Comic book legend Alan Moore (Watchmen, V for Vendetta, and Batman) has also frequently discussed the role of psychogeography in his work, notably how it can help find purpose in a world that seems to lack meaning. “You can look at the ordinary world around you with the eye of a poet,” he told Wired in 2010. “Finding events which rhyme with other events, what little coincidences or connections can be drawn to these places and people. You can put them into an arrangement that says something new about them.”

More recently, Greek American painter Gerasimos Floratos created a series of collages, drawings, and oil paintings during the pandemic. Titled “Psychogeography,” this oeuvre captures the hectic life around New York City’s Time Square, drawing connections to the equally busy systems within the human body. “For me, psychogeography is about map-making,” Floratos said in the press release for the exhibit, “Mapping the inside of your mind simultaneously with your environment. Not the kind of linear maps we usually use, maps that simultaneously chart sensory data, emotions, memory, the physical body, culture, society etc.”

Andy Howlett, an artist and filmmaker based in Birmingham, United Kingdom, believes that psychogeography is an “inherently creative response to space,” one that’s “playful, subversive, mischievous and rarely takes itself too seriously.” Right before COVID-19 hit, he co-founded Walkspace: Walking in the West Midlands, a collective to promote psychogeography in the landlocked region. While some have framed psychogeography as a solo endeavor, Howlett was passionate about bringing people together and re-discovering a forgotten “richness” in his community. They even made a virtual map where people could add points of interest discovered through their own psychogeographic explorations.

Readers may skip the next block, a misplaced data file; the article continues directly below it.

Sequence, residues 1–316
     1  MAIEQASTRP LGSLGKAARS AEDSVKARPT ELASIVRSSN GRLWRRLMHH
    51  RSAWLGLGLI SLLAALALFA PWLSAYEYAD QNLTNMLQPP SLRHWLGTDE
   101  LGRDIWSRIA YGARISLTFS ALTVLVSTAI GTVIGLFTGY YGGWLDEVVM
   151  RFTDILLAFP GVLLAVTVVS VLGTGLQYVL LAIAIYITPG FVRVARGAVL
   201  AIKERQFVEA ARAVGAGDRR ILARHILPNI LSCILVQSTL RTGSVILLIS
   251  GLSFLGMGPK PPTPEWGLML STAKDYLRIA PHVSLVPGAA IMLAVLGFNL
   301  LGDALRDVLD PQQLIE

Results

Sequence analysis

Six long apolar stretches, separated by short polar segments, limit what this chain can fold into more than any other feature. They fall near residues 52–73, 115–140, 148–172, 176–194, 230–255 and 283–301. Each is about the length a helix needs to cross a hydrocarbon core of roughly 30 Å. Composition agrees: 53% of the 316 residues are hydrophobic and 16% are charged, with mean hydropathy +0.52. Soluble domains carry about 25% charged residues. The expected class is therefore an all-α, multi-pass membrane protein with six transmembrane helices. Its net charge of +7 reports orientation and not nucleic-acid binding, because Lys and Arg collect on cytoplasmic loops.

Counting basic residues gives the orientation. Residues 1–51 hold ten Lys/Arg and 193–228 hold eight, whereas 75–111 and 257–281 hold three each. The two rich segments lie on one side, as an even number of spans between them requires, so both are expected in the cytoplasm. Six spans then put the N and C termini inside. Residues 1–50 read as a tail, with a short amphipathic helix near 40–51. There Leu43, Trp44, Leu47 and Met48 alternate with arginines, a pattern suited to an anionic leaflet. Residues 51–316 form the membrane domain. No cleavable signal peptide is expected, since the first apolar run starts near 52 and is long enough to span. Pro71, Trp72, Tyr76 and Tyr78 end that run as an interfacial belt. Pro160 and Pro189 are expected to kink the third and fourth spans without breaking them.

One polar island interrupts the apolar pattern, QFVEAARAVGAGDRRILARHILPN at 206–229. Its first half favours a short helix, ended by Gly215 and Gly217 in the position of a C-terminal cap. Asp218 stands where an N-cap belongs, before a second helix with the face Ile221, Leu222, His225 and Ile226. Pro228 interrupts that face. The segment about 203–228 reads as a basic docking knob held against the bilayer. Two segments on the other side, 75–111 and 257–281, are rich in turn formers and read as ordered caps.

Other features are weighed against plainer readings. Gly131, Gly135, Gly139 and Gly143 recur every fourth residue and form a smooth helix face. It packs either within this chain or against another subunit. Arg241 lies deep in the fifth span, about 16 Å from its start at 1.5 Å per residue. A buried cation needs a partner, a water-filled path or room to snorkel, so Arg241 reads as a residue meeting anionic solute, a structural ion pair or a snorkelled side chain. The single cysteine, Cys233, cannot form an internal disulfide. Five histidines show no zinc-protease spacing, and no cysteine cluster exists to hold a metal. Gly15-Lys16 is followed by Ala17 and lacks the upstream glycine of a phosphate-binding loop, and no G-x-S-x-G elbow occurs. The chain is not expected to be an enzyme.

Indeed, the United Kingdom has become a particular hotbed for psychogeography, largely promoted by writers such as Iain Sinclair (notably exploring the impact of the 2012 London Summer Olympics) and Peter Ackroyd (focusing particularly on what one can learn about a city’s history through psychogeography). While much of the attention has focused on London, like the London Circle Walk following the city’s periphery, other less popular places like Birmingham, Liverpool, and Manchester are also getting into the spotlight. Like many major urban areas, Birmingham was designed for car travel in the 20th century and, as Howlett concedes, doesn’t have a unique identity. The city’s motto is Forward and Howlett finds that its history, particularly as an industrial stronghold, is often forgotten in the name of building the biggest, newest thing.

“I think that sense of frustration, balanced with a sense of excitement, is a big part of the psychogeography of the city,” he said. “There’s a sense that you have to really go looking for all the history, for the heritage.”

As a collective, Walkspace has grown to nearly thirty members and organizes Walkspace Erratics, psychogeography-inspired walks. A recent early morning trek, led by a former paramedic, highlighted the unique and often trauma-informed way medical workers experience the city. Walkspace has also collaborated with a walking group in the Indonesian city of Yogyakarta on a Parallel Walking project, exploring the similarities and differences between the two urban areas. This past June, Walkspace held its first group exhibition, featuring paintings, collages, poetry, and a film night by members of the collective.